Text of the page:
Monday, June 10, 2013

Men Without Scripts (Unsafety Dance)

Davs good people!
Right now I'm sitting here waiting for the batteries to recharge, looking forward to tonight's recording sessions at some long since forgotten and heavily decayed bombshelters and stuff! During the week I and Anette has spent a lot of time sitting on the balcony in the summer heat, smoking like chimneys, and discussing scenes, monsters, and timeline frantically.
Not rarely it follows this pattern: I tell idea. She doesn't like. I disagree. She explains. I agree.
The longer version: Proudly I tell her the idea for a scene I just made up. She doesn't like something in it and suggest I ditch it, or certain aspects of it. I disagree and consider going along with the original plan, thinking it's just a matter of taste. She explains her reasons after giving it a little further thought. I agree fully and rebuilds the scene from scratch, but with the bad parts removed and solved by other means.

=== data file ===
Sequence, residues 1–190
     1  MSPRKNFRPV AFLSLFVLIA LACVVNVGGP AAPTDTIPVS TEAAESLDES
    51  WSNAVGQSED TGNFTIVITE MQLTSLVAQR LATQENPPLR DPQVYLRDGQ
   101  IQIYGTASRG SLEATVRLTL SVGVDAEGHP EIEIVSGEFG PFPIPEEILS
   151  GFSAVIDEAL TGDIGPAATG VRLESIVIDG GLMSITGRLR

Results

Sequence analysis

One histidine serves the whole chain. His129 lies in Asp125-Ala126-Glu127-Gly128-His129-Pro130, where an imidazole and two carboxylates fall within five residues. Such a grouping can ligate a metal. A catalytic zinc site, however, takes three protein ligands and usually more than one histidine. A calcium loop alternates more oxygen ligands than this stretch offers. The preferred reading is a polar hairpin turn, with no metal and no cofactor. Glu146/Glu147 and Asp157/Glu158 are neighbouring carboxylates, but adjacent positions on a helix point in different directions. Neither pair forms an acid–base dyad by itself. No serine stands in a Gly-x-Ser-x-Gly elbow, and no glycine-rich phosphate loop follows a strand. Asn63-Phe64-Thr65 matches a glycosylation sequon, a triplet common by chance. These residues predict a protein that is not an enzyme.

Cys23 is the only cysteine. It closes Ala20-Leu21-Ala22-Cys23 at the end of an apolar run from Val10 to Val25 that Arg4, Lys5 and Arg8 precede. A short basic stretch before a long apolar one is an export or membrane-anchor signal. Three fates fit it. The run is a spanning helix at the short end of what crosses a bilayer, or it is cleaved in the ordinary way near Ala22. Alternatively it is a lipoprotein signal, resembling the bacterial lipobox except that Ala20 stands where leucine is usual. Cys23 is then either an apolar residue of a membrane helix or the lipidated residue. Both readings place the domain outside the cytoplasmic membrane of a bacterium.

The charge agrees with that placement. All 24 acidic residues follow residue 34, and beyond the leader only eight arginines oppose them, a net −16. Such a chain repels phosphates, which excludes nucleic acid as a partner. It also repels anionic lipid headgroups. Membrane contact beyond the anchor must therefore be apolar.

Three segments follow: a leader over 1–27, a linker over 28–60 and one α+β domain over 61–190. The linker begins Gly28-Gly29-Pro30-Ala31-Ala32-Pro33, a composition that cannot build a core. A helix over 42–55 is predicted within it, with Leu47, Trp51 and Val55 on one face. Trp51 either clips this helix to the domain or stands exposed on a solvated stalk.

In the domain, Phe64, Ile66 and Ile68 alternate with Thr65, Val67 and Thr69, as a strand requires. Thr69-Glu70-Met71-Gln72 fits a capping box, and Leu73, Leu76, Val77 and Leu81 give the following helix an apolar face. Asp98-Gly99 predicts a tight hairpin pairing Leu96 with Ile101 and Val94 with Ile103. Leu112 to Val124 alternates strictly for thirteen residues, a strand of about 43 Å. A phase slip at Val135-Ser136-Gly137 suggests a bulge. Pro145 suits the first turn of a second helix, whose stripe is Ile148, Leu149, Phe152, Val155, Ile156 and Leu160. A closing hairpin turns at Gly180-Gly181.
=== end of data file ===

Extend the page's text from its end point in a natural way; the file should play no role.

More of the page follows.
This thing is by no means new to me. Before Anette proved her tremendous talent in listening and understanding stories, I checked ideas I wasn't sure about by making temporal edits using existing footage and temp-recordings of dialogue I recorded myself in the livingroom to get a feel of the scene. Took hours, and I had to sleep on it to know for sure how I actually felt about it. With Anette it takes minutes: I get an idea, or tells her one I've been thinking of lately. She disses it. I find a new idea that really truly works. Much rejoice. All within 5-10 minutes.

Normally, writing a script takes time. A lot of time. It might very well take years to complete, and during this time a lot of people are involved, all giving feedback and opinions, resulting in endless revisions, ending with something that most likely has very little in common with the first draft. And after the production starts, there will be even further, though much smaller, revisions based on practical reasons and sometimes actors or the director finding better ways to do things.